Sunday, June 2, 2013

Words of Wisdom from Stephen King


What keeps Stephen King writing every day?
I’m not really a Stephen King devotee; I did read “Misery” a million years ago and thought it was terrific.  I read most of “Firestarter,” but honestly, I was 12 and was just wigged out by much of it that I couldn’t finish it (this might be a book I have to re-read now that I’m an adult.  Biologically, anyway.) 

So, while I can’t count myself among his legions of ardent readers, I will forever shout from the rooftops the need for anyone aspiring to write a book, of any genre, to read “On Writing,” King’s instructional book about the craft.  The book is sound, practical and entertaining.  King explores every facet of writing from grammar to dialogue to plot and even every writer’s bugaboo, outlining (he doesn’t do it, dubbing himself a “situational” writer instead) while using examples from his own books to illustrate his points.  It is, in a word, brilliant.

Last week, King granted an interview to “Parade” magazine (read it here) to promote his new novel “Joyland,” wax philosophical about the TV show “Revenge” of all things and of course, share his thoughts on writing, reading and why he still churns out 1,500 words a day. 

Below are some of the gems from the interview.  Definitely click on the link above to read the whole thing, but here are some of my favorite soundbites that all writers, published or hoping to be published, can benefit from:

“You learn to write from reading.”
King talks about how he used to pay his three children to read to him when they were younger, which was how they acquired the habit (coincidentally, his two sons are successful novelists in their own right).  He laments that kids today are too focused on the Kardashians to take reading seriously and it worries him.  In “On Writing,” he talks about how his own nose is always stuck in a book and if “you don’t have time to read, you don’t have the time (or tools) to write.”

Last summer during my writing class with Joy Fielding, one of the first things she said to us after reading our submissions was, “I had to wonder how many of you had ever even looked at or read a book in your lives.”   

Indeed.

Voracious reading expands your vocabulary, generates new ideas, teaches us what not to do and provides inspiration.   Every writer out there has some other writer they wish they could write like (put Anita Shreve at the top of my list).  If you never read, how do you know what you want to write?
 
If you want to write a book and haven't read, "On Writing," by Stephen King,
step away from your computer right now, download it to your Kindle and get busy reading.
(image from Google)

“Spell-check won’t [help] you if you don’t know through from threw.”
Preach it, Brother King. 

This is also a prime example of why trying to proof your own work is a bad idea and one that should be thrown out the window before it has a chance to take up residence in your house.  I hear stories all the time about indie authors who get dinged for just this sort of thing, with the inevitable refrain from readers wondering why nobody proofed the book.  There may be times when your proofreader might miss something (it happens).  However, if you can’t even define what it is they missed, then you’re screwed.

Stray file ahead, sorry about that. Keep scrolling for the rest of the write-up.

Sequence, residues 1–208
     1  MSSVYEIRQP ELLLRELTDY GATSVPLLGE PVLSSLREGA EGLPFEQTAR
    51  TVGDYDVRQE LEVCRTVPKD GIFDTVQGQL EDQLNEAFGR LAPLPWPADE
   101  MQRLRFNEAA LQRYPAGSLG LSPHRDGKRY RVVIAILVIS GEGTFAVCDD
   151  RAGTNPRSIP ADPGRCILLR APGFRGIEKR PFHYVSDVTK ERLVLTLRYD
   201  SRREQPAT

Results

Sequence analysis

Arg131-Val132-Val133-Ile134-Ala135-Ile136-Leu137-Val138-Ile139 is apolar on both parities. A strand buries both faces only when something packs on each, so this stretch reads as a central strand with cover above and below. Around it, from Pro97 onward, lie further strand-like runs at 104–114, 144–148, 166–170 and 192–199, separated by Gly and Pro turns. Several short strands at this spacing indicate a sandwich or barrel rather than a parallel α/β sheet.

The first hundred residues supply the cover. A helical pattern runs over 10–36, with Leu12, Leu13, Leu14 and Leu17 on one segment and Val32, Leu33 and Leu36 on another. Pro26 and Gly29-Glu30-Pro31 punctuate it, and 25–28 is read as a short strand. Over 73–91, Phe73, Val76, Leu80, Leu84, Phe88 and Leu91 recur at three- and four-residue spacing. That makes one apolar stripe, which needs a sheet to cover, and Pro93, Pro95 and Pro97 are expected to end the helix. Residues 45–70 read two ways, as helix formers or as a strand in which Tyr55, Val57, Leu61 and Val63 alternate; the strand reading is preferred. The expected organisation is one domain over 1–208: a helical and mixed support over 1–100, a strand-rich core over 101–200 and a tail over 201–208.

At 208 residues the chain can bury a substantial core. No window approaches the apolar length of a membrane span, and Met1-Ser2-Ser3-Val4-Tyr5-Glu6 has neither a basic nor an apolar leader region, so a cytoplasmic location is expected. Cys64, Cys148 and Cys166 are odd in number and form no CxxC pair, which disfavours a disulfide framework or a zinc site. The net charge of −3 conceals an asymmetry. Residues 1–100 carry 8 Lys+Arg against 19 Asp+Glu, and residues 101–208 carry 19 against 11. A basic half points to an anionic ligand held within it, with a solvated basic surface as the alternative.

It’s why music teachers make singers learn scales and why Mr. Miyagi had Daniel-son waxing on and waxing off.   Without the fundamentals, you can’t expect to become a master. 



“The major job is…to entertain people”
King says what drives him to write his 1,500 words/five pages a day is the need to keep his work fresh, because otherwise, “the color will go out of it,” and that all creative types should remember we’re here to “sell fun.”  Preachy, condescending writing that’s overwrought with messages is a turnoff.  There is a way to weave education into the narrative (witness how John Jakes does this with his historical fiction or how John Grisham incorporates the law into his legal thrillers) without making the reader feel like they’re sitting in a stuffy classroom on a hot day.   

Keep it colorful, keep it fresh, keep it entertaining.

“There’s no soft landing with Tabby, and that’s fine.”
“Tabby,” would be King’s wife, Tabatha, and his brutally honest, “IR” or Initial Reader.”  When critiquing his work, she doesn’t sugar coat it and tell him what he wants to hear; she tells him what he needs to hear in order to make his work better.   We all need a “Tabby” to tell us what’s working and what isn’t.  I use my sister, Kathryn, renowned in our family for her biting commentary on well… everything (think Alex on “Modern Family”).  I don’t always want to hear what she has to say, but I need to hear it and it helps. 

Don’t look for fawners…look for Tabbies.

“I just [see] myself as a novelist.”
Above all, King sees himself as a writer.  He tells his stories the way he wants to tell them and doesn’t worry about genres or commercial viability (though I’m sure he wrestles with self-doubt like we all do).  He simply…writes.  Every day.  Without fail.

And so should we all. 
 
 

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